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Much Abrew: Blood Moon Surprise! (Modern)


Hello, everyone! Welcome to another episode of Much Abrew About Nothing. One of my favorite parts of the Lurrus of the Dream-Den banning in Modern is that decks like Amulet Titan and Tron are back, which also means that Blood Moon is a real card again in Modern! The question is how best to take advantage of the enchantment. Thanks to popular cards like Force of Vigor and Boseiju, Who Endures, we can't really trust that Blood Moon will stick on the battlefield forever, which means having a way to close out the game quickly is essential. This leads us to today's deck: Blood Moon Surprise! The deck starts off looking like a pretty typical Gruul Blood Moon deck, with ways to ramp into Blood Moon like Arbor Elf and Utopia Sprawl, planeswalkers like Chandra, Torch of Defiance, and filtering in Seasoned Pyromancer and Fable of the Mirror-Breaker. So, what's the surprise? Well, since Seasoned Pyromancer and Fable of the Mirror-Breaker are both good at filling our graveyard, we have Archon of Cruelty and Persist to reanimate it, which gives us a super-fast clock for closing out the game before our opponent can break free of our Blood Moon lock. How good is Blood Moon in post-Lurrus Modern? Can the surprise reanimation plan work? Let's get to the video and find out on this week's Much Abrew About Nothing

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Much Abrew: Blood Moon Surprise

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Discussion

  • Record-wise, we finished our league 3-2 with Blood Moon Surprise, although we awkwardly lost to Amulet Titan, which should be one of the deck's better matchups, along with Burn, which seems like a tough matchup with the deck's current sideboard. On the other hand, we took down Tron, Hammer Time, and Izzet Murktide, all without dropping a game.
  • The deck's plan, as I mentioned in the intro, is pretty simple: hopefully stick a Blood Moon on Turn 2 with the help of Turn 1 ramp like Arbor Elf or Utopia Sprawl and then hopefully reanimate Archon of Cruelty to close out the game quickly before our opponent can get out from under Blood Moon. It's worth mentioning that we can win without Archon of Cruelty by playing random dorky creatures like Seasoned Pyromancer and Fable of the Mirror-Breaker or with the help of Chandra, Torch of Defiance. Oh yeah, and we do sometimes just hard-cast Archon of Cruelty with the help of our Arbor Elf ramp package.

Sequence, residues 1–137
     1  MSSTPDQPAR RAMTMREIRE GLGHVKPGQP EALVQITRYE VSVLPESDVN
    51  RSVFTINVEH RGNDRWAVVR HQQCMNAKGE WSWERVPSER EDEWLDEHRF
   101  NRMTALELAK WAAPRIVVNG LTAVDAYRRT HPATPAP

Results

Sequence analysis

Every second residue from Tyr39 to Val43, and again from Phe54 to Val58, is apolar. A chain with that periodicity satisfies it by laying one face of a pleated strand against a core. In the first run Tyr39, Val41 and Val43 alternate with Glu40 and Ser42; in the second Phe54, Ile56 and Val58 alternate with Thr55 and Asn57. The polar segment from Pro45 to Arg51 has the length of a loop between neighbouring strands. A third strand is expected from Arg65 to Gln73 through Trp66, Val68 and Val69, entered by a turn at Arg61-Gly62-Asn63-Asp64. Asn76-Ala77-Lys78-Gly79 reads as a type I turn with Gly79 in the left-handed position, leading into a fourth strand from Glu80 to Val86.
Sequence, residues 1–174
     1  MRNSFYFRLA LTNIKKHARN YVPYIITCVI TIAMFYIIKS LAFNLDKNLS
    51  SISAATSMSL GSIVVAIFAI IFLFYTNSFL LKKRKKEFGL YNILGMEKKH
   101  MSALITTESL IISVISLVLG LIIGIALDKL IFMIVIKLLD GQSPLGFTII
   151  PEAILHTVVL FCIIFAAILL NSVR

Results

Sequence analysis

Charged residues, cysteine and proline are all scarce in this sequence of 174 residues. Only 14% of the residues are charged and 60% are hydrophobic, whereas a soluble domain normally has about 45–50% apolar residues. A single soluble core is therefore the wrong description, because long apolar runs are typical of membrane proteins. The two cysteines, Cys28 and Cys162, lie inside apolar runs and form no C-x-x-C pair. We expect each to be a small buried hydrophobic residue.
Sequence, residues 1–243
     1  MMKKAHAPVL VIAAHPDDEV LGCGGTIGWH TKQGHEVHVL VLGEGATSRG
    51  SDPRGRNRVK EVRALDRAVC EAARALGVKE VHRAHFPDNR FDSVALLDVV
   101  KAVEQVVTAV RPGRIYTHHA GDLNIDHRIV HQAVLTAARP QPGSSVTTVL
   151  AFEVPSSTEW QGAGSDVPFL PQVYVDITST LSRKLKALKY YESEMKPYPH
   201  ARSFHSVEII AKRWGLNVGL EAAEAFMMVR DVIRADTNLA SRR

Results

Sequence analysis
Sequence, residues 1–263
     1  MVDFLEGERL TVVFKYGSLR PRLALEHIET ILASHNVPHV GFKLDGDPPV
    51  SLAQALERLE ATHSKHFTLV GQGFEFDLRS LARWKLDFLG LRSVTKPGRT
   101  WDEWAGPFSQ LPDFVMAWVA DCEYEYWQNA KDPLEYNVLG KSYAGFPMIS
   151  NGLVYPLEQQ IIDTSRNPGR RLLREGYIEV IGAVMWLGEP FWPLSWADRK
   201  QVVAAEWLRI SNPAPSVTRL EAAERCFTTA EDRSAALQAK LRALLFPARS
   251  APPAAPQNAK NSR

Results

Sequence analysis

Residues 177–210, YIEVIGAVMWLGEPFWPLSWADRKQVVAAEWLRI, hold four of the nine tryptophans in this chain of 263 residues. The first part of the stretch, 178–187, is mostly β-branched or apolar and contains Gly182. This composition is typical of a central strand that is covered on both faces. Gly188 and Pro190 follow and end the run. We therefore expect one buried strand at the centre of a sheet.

• On paper, at least (and maybe in practice, given our experience with the deck), the surprise-reanimation package solves one of Blood Moon's biggest problems: it's not a hard lock. In the past, there were some matchups where you'd stick a Blood Moon and expect it to stay on the battlefield for most of the game, but now, most decks can kill Blood Moon thanks to cards like Boseiju, Who Endures and Force of Vigor, which means rather than hard locking the opponent for the rest of the game, it generally buys us a few turns as our opponent looks for an answer. This means that having a way to close out the game quickly once we drop Blood Moon is more important than ever, and Archon of Cruelty is one of the faster clocks in Modern, making it a perfect fit for the deck.
  • The downside is that the mana can be a bit inconsistent. We need to play several basics to fetch out so we won't get locked under our own Blood Moon as well as a bunch of fetch lands to find them, which means we have relatively few dual lands. This occasionally means we need to mulligan hands without the proper colors of mana and sometimes have a difficult time hitting the double red mana of Seasoned Pyromancer or Chandra, Torch of Defiance on time. But Blood Moon's power more than makes up for this clunkiness.
  • One card that was super impressive and that I expect we'll see a lot more of in Modern moving forward is Fable of the Mirror-Breaker. While it might look like Seasoned Pyromancer with extra steps, it's Seasoned Pyromancer with upside in a lot of situations. The backside is a must-kill threat, or else we'll be able to start copying cards like Seasoned Pyromancer, Fury, and Archon of Cruelty, which is an almost unbeatable amount of value. The only downside is that unlike Seasoned Pyromancer, which refills our hand if we have no cards, we need to have cards in hand to discard in order to take advantage of Fable of the Mirror-Breaker. It also works super well with Seasoned Pyromancer—especially in a deck like ours that wants to fill the graveyard—by adding some redundancy. 
  • In general, I really liked Blood Moon Surprise, although I do have one big complaint: the sideboard felt really bad. We've got a ton of artifact and enchantment hate, a random Garruk Relentless, and some graveyard and counter hate. But we've got essentially nothing to bring in against decks like Burn or various combo builds. More diversity in the sideboard seems like it would be helpful.
  • So, should you play Blood Moon Surprise in Modern? I think the answer is yes. The reanimation plan fixes one of Blood Moon's biggest issues, but unlike dedicated reanimator decks, we can easily win without our graveyard, which makes graveyard hate less of a concern. The deck seems like a solid option in Modern if you like janking out opponents with Blood Moon or reanimating big things. Our three wins were all pretty easy 2-0s, and our two losses were close three-game matches. I think the deck certainly has the ability to go 5-0, especially with an improved sideboard. Plus, who doesn't love getting fools with Blood Moon?

Conclusion

Anyway, that's all for today. As always, leave your thoughts, ideas, opinions, and suggestions in the comments, and you can reach me on Twitter @SaffronOlive or at SaffronOlive@MTGGoldfish.com.



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